In technology, you get a very different set of disruptive growth dynamics. These companies are making products and services more innovative. They create change. That change is accompanied by dramatic upside potential.
A short series of words describing what technology brings is advancement, revolution, evolution, accuracy, disruption, productivity, speed, compactness, and efficiency. These attributes are desirable to every one of the steady companies in other areas of focus. In fact, the steady companies adopt technology to achieve these technology attributes in their businesses. Better, cheaper and faster has no limitation to PCs, electronics, and smartphones.
What's more, technology has a severe element of Darwinism built in. There is always one technology about to replace another. Similarly there is always some new technology a market leader needs to adopt to remain king of the hill. If his competitor gets the technology for example he may lose his position.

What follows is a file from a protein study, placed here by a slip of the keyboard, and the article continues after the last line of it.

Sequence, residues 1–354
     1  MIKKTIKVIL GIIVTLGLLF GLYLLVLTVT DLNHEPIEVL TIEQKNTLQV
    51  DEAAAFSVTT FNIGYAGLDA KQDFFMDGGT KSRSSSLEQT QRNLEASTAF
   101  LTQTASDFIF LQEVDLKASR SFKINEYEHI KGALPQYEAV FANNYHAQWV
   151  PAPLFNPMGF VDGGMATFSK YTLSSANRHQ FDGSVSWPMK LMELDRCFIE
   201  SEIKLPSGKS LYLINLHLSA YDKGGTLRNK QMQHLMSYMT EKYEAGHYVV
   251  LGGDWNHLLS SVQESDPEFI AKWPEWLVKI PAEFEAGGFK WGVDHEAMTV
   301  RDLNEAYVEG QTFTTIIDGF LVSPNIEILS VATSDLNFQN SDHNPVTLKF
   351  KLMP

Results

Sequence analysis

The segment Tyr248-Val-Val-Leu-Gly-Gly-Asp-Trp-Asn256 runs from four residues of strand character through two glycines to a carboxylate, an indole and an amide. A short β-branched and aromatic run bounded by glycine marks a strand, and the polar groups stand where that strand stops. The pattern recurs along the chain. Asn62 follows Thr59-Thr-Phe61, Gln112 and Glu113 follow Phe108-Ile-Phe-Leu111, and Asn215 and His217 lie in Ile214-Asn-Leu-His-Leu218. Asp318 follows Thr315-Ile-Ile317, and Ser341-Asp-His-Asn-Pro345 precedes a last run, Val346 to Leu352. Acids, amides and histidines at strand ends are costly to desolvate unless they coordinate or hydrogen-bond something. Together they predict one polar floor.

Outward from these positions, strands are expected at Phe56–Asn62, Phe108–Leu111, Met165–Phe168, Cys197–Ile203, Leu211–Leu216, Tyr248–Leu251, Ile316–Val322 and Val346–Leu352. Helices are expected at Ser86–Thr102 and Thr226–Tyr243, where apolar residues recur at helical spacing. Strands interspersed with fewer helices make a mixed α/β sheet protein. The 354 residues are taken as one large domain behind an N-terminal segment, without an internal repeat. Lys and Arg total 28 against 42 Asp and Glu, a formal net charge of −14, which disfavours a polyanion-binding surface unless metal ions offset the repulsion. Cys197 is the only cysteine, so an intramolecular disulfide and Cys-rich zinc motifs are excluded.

All of these characteristics of technology add up to one reality. There is always raging growth in the right technology companies. Innovate or die is the way to think of it. While that may be somewhat applicable to laundry chlorine, paper towels, diapers, breakfast cereal, soft drinks, financial services and insurance; in technology it's essential.
Finding the right companies to deliver this growth and sharing that with you is what we do. Whether it's in the pure areas you may think of as technology like chips and computing or in areas as diverse as gaming, advertising or media, our goal is to deliver big profits to you with our technology stock investment ideas.
Understand why the right technology companies outperform the market as a whole no matter what "the market" does.